Attention has focused recently on the once-obscure Office of Legal Counsel at the U.S. Justice Department. According to the Washington Post, the operation generates advice that “guides some of the government’s most sensitive and controversial policies.”
Unfortunately, the good stuff is not released to the public, including memos on such hot button topics as interrogation and warrantless eavesdropping.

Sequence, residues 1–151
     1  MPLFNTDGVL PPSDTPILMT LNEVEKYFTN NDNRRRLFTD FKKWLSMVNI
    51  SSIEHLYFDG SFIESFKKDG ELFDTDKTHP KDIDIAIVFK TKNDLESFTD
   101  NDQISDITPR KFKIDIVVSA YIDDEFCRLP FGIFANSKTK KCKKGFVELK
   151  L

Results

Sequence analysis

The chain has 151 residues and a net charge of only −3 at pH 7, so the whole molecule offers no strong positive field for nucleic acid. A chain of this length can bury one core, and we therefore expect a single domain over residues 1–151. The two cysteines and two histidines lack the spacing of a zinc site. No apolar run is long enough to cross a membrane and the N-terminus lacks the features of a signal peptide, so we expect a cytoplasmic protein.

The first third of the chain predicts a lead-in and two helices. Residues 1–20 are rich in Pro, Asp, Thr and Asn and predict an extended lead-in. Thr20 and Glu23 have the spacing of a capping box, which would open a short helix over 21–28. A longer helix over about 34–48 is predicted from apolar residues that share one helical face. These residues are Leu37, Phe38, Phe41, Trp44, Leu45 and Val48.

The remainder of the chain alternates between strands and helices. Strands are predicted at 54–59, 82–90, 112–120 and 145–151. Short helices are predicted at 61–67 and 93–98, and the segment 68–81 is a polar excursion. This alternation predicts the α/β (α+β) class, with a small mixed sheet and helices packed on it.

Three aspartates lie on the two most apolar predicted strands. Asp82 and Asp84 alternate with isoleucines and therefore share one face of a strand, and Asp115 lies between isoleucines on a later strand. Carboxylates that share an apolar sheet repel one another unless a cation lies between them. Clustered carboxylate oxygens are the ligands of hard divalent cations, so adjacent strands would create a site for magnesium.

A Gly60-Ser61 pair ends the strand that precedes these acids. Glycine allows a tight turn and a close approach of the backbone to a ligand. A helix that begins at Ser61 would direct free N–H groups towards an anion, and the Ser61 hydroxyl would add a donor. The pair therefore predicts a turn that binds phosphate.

What we get to read are memos like this one — lengthy analysis on why the oath of office for postal workers is not an undue burden on religious principles.
Apparently, some new hires at the post office object to supporting, defending, and pledging faith and allegiance to the Constitution. The 17-page (single-space) memo concludes that no religious accommodations are warranted by that language.
Interest groups are bombarding President-elect Barack Obama with advice on how to rework the Office of Legal Counsel. Maybe someone should suggest tightening up the prose a bit.
By Peter Vieth